Another Thunder offseason is cranking up, which means a familiar tune is coming from some of the OKC masses: Amnesty Kendrick Perkins.
But before the last season of his contract — the last chance OKC can wipe (but still pay) his $9.1 million salary from the books — Thunder GM Sam Presti told reporters at his exit interview on Thursday that’s it’s not likely to happen.
“I knew I’d get that question,” Presti said. “I wish I had something clever to say there, but I don’t. We’ll look at everything, as we always do. But as we’ve said before, it’s not something that’s been considered to this point.”
This season, Perkins averaged his fewest points (3.4) and rebounds (4.9) since the 2004-05 campaign, but it’s his sturdy post defense and veteran presence that, Presti said, continue to give him value to the roster.
“Quite honestly, we’d be having this press conference a lot sooner if he was not part of the organization when we took the floor against Memphis,” Presti said, referring to Perkins defense on Zach Randolph in the first round. “This conversation probably would be happening in May, and not June.”
In particular, Presti praised Perkins’ work with Steven Adams — the Thunder’s young center who is likely to take Perkins’ starting job at some point — as another valuable commodity.
“He’s been wonderful for Steven Adams,” Presti said. “I think he’s had a lot to do with Steven’s growth, especially in the postseason, specifically how he studies and plays position defense.”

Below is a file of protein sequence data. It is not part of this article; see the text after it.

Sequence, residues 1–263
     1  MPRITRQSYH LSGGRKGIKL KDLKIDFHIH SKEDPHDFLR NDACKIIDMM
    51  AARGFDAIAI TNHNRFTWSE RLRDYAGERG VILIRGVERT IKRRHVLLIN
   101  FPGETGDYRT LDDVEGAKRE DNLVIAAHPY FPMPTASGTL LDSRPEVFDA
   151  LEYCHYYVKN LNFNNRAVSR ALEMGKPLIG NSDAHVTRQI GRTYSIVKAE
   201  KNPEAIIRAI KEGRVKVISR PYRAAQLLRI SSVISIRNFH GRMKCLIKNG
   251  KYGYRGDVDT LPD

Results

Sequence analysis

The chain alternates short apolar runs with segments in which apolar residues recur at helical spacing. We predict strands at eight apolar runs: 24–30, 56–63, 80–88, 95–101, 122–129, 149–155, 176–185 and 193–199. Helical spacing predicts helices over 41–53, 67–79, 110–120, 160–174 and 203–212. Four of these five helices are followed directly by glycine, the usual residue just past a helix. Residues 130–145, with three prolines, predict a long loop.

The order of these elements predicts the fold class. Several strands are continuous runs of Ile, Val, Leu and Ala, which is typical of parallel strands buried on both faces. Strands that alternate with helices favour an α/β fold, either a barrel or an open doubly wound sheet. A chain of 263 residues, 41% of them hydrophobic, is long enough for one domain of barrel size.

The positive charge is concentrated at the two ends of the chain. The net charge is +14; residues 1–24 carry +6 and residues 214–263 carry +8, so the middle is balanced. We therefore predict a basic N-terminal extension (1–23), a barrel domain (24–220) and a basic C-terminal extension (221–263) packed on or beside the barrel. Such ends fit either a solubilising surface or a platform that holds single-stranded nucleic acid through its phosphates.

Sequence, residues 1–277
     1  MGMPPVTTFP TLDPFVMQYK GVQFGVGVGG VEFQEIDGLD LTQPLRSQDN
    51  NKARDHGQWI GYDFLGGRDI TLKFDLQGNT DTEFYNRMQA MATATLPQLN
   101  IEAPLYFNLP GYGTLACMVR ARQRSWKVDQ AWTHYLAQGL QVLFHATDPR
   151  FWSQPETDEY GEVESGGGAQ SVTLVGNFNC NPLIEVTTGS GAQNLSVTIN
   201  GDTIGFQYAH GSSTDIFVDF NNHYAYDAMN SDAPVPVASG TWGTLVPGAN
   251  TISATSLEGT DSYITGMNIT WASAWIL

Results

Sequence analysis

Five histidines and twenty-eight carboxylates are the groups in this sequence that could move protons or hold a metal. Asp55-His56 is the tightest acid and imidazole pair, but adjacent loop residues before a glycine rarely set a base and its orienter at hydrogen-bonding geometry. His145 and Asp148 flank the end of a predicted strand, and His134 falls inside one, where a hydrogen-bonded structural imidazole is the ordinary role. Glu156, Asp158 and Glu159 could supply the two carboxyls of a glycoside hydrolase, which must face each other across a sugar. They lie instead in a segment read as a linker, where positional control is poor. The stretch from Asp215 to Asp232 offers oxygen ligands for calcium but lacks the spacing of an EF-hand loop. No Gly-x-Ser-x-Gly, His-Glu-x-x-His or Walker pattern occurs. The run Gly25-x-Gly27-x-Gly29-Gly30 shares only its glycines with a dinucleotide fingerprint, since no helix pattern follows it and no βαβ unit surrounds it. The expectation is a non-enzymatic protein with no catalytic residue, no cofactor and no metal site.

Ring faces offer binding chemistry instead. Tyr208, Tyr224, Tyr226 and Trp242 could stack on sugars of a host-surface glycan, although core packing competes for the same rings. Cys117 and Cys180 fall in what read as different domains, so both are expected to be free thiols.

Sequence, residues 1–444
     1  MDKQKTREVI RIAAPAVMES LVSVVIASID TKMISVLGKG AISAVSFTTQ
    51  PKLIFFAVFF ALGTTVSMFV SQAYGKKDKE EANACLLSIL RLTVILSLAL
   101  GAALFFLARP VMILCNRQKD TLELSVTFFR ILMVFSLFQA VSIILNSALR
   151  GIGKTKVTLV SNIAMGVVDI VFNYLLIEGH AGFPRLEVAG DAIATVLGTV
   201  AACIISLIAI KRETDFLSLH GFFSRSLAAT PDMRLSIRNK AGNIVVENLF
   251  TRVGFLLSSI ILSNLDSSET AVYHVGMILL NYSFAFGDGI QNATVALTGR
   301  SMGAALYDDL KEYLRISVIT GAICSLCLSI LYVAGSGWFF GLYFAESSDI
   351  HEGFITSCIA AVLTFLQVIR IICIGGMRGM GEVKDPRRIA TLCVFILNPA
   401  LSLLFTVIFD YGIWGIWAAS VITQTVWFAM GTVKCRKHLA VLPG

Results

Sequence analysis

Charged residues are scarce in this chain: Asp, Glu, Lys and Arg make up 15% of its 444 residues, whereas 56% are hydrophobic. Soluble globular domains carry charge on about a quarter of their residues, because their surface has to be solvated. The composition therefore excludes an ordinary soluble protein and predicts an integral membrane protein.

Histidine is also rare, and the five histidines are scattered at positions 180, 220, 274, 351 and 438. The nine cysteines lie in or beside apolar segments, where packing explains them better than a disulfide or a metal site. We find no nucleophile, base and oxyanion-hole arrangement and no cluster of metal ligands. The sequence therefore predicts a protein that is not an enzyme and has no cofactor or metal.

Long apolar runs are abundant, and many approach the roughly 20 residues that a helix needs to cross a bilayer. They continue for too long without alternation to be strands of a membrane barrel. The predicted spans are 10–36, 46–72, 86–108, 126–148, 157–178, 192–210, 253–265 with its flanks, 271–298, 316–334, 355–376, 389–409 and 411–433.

PRESTI DISAGREES WITH SILVER’S POINT
Recently, newly appointed NBA commissioner Adam Silver pointed to the Thunder, Pacers and Spurs as examples of the positives done by the league’s new collective bargaining agreement, allowing small market teams to stay competitive.
But, during his interview on Thursday, Presti respectfully disagreed with the overall point.
“I think Adam’s great, and I think he does an excellent job,” Presti said. “The only thing I would say relative to that, the three teams he’s referring to were more or less constructed prior to the CBA. I think the goal for each one of those teams is to continue their success with the CBA notwithstanding. And that’s the challenge. That’s the challenge for all those teams. It can be done. But I don’t necessarily think it’s a result of the CBA. I think we’re challenged to extend our success as a result of it.”